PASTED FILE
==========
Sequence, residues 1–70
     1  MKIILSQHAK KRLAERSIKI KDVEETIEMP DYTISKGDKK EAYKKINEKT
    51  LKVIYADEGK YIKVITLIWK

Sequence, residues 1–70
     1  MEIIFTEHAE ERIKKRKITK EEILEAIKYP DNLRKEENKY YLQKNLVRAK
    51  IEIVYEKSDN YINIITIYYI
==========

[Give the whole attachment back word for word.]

Sequence, residues 1–70
     1  MKIILSQHAK KRLAERSIKI KDVEETIEMP DYTISKGDKK EAYKKINEKT
    51  LKVIYADEGK YIKVITLIWK

Sequence, residues 1–70
     1  MEIIFTEHAE ERIKKRKITK EEILEAIKYP DNLRKEENKY YLQKNLVRAK
    51  IEIVYEKSDN YINIITIYYI